Russian airstrikes crushed U.S.-backed rebels Tuesday as forces loyal to the Syrian government moved on the ground to take back Syrian town Sheikh Miskeen.
This is one of the most significant defeats the rebels have suffered to date because Miskeen is located near an important supply route connecting Jordan and Damascus, the capital of Syria, The Washington Post reports. Rebels used Miskeen as a central point for bringing in U.S. weapons and funds.
It took pro-government forces a month to break the rebels down, and Russian airstrikes gave Syrian forces the extra edge. The defeat is a clear example of a foreign power stomping on America’s proxy war.
The nearly five-year-long civil war is now turning decisively in favor of Syrian President Bashar al-Assad’s regime.
A British official complained it’s now obvious Russia never intended to primarily target the Islamic State, and is more interested in seeing the Assad regime survive.
“By continuing to support the regime in its bombardment of the moderate opposition, Russia risks damaging the already fragile process of intra-Syrian negotiations,” Gareth Bayley, the British special representative for Syria said, according to The Washington Post. Western countries, unlike Russia, often try to distinguish between moderate and extreme opposition to Assad.
The rebels are now in a much more arduous position, which was apparent during a recent meeting of opposition groups in Saudi Arabia. Rebels need peace talks more than Assad, but in the meantime, they are still debating whether to even participate Friday in Geneva.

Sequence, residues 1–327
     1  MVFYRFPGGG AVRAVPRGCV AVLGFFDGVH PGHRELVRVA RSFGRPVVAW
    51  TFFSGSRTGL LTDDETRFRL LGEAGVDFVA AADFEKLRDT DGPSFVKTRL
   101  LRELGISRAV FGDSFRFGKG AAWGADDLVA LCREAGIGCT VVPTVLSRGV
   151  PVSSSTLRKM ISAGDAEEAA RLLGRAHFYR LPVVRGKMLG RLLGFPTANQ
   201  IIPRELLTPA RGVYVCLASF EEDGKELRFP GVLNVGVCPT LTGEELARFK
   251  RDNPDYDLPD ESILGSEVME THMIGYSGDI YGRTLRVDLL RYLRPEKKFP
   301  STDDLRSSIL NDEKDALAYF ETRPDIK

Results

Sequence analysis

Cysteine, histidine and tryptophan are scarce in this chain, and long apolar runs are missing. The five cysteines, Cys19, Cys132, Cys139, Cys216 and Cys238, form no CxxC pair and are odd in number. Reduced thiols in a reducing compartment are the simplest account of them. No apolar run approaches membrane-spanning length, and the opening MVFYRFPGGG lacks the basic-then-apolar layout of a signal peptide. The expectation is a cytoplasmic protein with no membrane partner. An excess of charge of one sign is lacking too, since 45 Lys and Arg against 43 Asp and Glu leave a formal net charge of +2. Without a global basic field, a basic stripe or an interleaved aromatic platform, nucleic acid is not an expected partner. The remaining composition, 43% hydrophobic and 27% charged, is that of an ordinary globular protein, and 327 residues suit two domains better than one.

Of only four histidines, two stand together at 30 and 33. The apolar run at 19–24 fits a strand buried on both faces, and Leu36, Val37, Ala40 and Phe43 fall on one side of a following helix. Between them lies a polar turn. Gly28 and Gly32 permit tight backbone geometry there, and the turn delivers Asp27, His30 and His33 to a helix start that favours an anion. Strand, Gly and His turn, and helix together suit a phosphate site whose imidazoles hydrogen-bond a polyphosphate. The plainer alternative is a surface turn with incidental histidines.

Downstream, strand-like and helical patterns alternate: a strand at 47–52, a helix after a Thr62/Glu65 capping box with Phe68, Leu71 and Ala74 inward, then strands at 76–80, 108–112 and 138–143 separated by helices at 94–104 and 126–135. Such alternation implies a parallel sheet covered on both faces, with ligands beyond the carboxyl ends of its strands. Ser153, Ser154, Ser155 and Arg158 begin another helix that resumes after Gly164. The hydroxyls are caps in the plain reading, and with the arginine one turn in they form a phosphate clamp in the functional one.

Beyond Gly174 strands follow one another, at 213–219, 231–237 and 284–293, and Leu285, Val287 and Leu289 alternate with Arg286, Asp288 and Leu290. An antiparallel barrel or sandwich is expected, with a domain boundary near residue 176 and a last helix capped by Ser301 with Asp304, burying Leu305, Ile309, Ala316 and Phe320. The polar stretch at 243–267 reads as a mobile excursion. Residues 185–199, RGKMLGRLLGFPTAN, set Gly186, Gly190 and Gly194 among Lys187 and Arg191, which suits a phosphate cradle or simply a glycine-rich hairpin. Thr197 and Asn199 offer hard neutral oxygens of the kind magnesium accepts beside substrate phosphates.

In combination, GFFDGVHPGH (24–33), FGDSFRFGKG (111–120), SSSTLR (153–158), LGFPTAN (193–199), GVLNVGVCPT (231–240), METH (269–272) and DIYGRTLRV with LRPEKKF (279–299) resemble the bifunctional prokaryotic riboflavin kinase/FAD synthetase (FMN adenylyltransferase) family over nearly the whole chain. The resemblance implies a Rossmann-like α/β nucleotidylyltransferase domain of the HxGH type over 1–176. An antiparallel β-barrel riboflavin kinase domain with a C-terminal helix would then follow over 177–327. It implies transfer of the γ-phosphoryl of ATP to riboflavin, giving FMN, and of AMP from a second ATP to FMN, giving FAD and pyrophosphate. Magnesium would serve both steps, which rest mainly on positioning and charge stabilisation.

Although the United Nations sent out invitations to rebel groups Tuesday, these groups have yet to accept. The reason for delay in acceptance is because the opposition wants Assad to agree to certain preconditions, namely a guarantee in humanitarian aid and a halt to airstrikes on civilians.
A Syrian official over the weekend said the Assad regime would not make a single concession, but Secretary of State John Kerry brushed off rhetoric from both Assad and rebel groups as nothing more than bluster. In the case of Assad, Kerry noted Syria’s main backers, Russia and Iran, have said they’re willing to make concessions, so Syrian grandstanding is irrelevant.
If negotiations fail and no political solution is forthcoming, Vice President Joe Biden said Saturday the U.S. is prepared to deploy military force. Following Biden’s remarks, a U.S. official clarified that military force would only be used against ISIS. Nevertheless, the U.S. still plans to support rebel groups. How much that support matters at this point is unknown given the success of the Russian airstrikes.
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